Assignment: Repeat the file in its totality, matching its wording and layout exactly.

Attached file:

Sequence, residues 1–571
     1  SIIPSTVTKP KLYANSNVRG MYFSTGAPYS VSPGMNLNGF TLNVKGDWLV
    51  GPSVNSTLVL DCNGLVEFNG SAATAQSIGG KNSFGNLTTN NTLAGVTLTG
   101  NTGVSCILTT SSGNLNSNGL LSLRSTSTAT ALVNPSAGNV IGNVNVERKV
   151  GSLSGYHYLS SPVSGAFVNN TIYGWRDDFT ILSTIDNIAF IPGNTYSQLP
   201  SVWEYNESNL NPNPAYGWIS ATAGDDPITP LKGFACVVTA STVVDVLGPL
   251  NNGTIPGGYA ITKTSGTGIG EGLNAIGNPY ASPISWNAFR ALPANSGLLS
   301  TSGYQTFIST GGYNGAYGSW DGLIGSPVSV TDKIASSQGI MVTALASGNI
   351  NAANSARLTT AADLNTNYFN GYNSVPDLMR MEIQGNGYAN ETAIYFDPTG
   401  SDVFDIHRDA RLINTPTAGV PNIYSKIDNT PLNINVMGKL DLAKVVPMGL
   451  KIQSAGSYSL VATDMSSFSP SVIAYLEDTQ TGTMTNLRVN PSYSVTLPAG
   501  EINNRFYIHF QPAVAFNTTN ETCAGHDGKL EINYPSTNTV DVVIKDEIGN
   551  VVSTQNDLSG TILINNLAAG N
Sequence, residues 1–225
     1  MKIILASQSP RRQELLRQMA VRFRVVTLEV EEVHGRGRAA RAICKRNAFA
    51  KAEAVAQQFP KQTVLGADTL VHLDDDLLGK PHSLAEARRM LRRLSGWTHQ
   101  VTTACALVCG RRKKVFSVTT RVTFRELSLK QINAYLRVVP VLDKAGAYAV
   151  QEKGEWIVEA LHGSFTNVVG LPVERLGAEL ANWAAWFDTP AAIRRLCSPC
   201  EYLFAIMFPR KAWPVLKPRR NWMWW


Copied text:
Sequence, residues 1–571
     1  SIIPSTVTKP KLYANSNVRG MYFSTGAPYS VSPGMNLNGF TLNVKGDWLV
    51  GPSVNSTLVL DCNGLVEFNG SAATAQSIGG KNSFGNLTTN NTLAGVTLTG
   101  NTGVSCILTT SSGNLNSNGL LSLRSTSTAT ALVNPSAGNV IGNVNVERKV
   151  GSLSGYHYLS SPVSGAFVNN TIYGWRDDFT ILSTIDNIAF IPGNTYSQLP
   201  SVWEYNESNL NPNPAYGWIS ATAGDDPITP LKGFACVVTA STVVDVLGPL
   251  NNGTIPGGYA ITKTSGTGIG EGLNAIGNPY ASPISWNAFR ALPANSGLLS
   301  TSGYQTFIST GGYNGAYGSW DGLIGSPVSV TDKIASSQGI MVTALASGNI
   351  NAANSARLTT AADLNTNYFN GYNSVPDLMR MEIQGNGYAN ETAIYFDPTG
   401  SDVFDIHRDA RLINTPTAGV PNIYSKIDNT PLNINVMGKL DLAKVVPMGL
   451  KIQSAGSYSL VATDMSSFSP SVIAYLEDTQ TGTMTNLRVN PSYSVTLPAG
   501  EINNRFYIHF QPAVAFNTTN ETCAGHDGKL EINYPSTNTV DVVIKDEIGN
   551  VVSTQNDLSG TILINNLAAG N
Sequence, residues 1–225
     1  MKIILASQSP RRQELLRQMA VRFRVVTLEV EEVHGRGRAA RAICKRNAFA
    51  KAEAVAQQFP KQTVLGADTL VHLDDDLLGK PHSLAEARRM LRRLSGWTHQ
   101  VTTACALVCG RRKKVFSVTT RVTFRELSLK QINAYLRVVP VLDKAGAYAV
   151  QEKGEWIVEA LHGSFTNVVG LPVERLGAEL ANWAAWFDTP AAIRRLCSPC
   201  EYLFAIMFPR KAWPVLKPRR NWMWW